'Is it realistic I'm going to play every Test? No. But if the communication is done well then you understand the reasons for it,' the 34-year-old Broad told the British media.
London: Stuart Broad is loath to the idea of missing a Test but the seasoned England pacer doesn't mind being "rested" sometimes either as long as the communication is clear, something, which he believes, did not happen when Ed Smith was national selector.
Broad is gearing up for a busy schedule with Tests against New Zealand and India lined up in the next three months.
"Is it realistic I'm going to play every Test? No. But if the communication is done well then you understand the reasons for it," the 34-year-old Broad told the British media.
"You understand why you might miss certain games to be fit for other games. That along with building experience into different players.
"If I had a choice I'd want to play all seven Tests. Part of the reason I don't play white-ball cricket anymore is so I'm fit and available for Test cricket and fresh when I'm needed," he added.
The veteran pacer reflected on his strained relationship with Smith, who was removed as the national selector last month.
"A lot of people have bosses who don't rate them as much as other people and I think he was mine," Broad said.
"He probably didn't rate me as much as other players. That's fine but I kept trying to prove some selection decisions wrong...from my point of view we struggled a bit on the communication side and probably saw the game of cricket slightly differently," he added.
Last year, Broad had publicly expressed his disappointment after being dropped from the opening Test against West Indies.
"I was disgruntled because the selectors had said the first Test team of the summer will be our best team. For someone who had been through the Ashes successfully, been through South Africa successfully, and stayed fit, I felt it was my shirt," he reasoned.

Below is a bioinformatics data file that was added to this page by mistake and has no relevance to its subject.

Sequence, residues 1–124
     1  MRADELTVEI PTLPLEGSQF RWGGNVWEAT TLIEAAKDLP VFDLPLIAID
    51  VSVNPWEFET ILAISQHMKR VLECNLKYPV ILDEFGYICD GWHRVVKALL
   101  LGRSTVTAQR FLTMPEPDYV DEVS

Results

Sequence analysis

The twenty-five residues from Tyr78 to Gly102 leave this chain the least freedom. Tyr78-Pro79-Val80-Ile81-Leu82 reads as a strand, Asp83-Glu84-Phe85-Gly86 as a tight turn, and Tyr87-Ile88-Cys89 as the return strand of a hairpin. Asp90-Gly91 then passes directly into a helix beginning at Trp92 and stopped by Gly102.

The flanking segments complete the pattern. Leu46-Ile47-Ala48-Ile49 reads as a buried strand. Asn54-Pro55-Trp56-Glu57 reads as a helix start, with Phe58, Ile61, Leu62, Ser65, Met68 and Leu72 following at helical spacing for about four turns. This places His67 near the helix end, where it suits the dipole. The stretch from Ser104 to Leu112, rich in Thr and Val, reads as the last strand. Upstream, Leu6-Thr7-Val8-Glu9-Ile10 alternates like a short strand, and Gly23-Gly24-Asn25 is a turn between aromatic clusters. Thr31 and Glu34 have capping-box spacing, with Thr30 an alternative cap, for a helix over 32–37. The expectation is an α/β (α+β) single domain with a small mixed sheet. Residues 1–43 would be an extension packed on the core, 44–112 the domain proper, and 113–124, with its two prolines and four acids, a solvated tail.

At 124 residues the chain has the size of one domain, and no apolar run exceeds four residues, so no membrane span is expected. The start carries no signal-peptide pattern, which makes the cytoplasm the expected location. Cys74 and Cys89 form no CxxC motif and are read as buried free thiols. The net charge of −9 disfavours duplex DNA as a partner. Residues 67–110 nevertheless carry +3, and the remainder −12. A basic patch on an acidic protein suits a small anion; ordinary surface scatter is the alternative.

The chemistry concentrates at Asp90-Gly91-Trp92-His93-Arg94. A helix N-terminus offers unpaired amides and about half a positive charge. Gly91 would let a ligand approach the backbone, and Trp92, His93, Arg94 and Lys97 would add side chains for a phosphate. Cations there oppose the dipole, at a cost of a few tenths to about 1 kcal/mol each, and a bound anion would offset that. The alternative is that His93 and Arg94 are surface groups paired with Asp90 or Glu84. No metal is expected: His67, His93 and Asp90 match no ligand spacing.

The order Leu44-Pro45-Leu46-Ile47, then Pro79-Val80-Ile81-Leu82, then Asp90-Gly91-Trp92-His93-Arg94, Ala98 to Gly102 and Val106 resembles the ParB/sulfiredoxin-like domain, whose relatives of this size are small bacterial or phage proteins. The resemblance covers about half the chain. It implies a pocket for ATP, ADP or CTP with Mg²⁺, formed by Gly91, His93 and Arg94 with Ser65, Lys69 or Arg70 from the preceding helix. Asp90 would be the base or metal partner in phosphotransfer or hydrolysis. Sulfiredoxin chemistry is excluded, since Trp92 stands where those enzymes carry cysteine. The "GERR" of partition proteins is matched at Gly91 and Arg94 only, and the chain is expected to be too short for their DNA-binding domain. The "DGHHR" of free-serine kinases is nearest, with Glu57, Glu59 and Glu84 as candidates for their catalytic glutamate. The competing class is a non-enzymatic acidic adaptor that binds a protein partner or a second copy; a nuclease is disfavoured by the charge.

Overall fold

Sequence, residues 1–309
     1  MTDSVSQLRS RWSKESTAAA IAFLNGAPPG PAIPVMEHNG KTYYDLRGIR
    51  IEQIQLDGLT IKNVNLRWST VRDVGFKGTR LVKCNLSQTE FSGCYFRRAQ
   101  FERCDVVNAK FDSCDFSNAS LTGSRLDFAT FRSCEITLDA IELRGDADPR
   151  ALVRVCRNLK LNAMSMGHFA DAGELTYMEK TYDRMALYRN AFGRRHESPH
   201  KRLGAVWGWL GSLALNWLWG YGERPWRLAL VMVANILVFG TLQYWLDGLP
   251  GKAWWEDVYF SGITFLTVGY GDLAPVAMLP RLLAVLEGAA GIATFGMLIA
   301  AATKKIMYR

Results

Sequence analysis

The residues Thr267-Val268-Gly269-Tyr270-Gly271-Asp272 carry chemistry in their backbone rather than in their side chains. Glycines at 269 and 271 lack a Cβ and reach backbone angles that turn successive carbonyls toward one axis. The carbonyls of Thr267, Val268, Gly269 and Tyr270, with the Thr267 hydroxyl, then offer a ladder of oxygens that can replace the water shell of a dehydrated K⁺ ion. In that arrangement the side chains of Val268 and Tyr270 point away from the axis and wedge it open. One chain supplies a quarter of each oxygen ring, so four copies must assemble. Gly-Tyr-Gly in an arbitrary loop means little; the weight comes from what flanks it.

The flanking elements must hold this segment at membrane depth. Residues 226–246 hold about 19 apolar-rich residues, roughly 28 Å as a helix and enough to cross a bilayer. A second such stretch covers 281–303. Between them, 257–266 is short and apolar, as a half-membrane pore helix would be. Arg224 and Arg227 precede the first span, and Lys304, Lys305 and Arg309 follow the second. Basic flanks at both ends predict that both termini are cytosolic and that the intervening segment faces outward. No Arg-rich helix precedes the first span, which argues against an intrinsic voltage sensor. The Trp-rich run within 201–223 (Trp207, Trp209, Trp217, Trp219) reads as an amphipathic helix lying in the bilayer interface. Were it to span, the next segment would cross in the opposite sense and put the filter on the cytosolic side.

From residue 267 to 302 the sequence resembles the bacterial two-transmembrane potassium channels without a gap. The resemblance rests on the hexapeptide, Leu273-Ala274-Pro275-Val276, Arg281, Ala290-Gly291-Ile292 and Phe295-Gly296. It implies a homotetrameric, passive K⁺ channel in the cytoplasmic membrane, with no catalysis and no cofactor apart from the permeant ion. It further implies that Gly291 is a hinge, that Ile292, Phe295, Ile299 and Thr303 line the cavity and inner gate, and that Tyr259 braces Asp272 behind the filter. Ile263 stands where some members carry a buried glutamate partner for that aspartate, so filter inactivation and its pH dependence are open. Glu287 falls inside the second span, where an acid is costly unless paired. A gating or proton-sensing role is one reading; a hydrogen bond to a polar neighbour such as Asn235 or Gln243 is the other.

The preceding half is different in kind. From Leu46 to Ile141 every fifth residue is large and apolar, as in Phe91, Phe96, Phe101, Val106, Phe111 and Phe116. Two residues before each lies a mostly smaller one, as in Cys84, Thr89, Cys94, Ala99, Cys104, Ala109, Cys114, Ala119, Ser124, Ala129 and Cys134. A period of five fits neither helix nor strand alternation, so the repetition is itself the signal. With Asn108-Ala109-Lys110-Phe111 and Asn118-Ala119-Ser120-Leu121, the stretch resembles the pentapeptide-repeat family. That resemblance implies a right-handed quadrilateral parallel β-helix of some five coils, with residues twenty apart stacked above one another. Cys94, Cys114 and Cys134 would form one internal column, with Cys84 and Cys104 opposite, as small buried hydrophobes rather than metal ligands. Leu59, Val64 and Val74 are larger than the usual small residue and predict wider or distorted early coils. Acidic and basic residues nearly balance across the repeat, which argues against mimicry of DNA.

The red-ball specialist believes he and fellow veteran James Anderson make the best English bowling attack.
I don't think many could argue against Jimmy and I being in the best bowling attack in England, but if you need to get experience and overs into bowlers that is what it is.
"It's when the communication disappears; that's when players can't see reasons or see through it," he added.
The seamer rued that his career has been more about being "dropped" than "rested".
"...there's a difference between being rested and dropped. I feel as though I've had a career of being dropped and others have had a career of being rested," Broad said.
Broad feels it has been frustrating for Jofra Archer, who was ruled out of the Test series against New Zealand after his long-standing elbow injury resurfaced.
"He is in decent spirits. I think it's been frustrating for him. You know, the first time I was really aware that he had a bit of an elbow issue was in South Africa," he said.
Broad feels Archer can "play a huge part in all three formats for England."
"But he won't just be able to play every game. It's unrealistic to think that any all-format player - Ben Stokes included - can and that's when, without being disrespectful to any other type of international cricket, you do have to get him right for the games you want him right for," he added.
"It's still too early for Jofra to start having doubts of whether he's a three-format cricketer, but he needs to get very clear in his mind what cricket he wants to be absolutely fit and firing for," he said.
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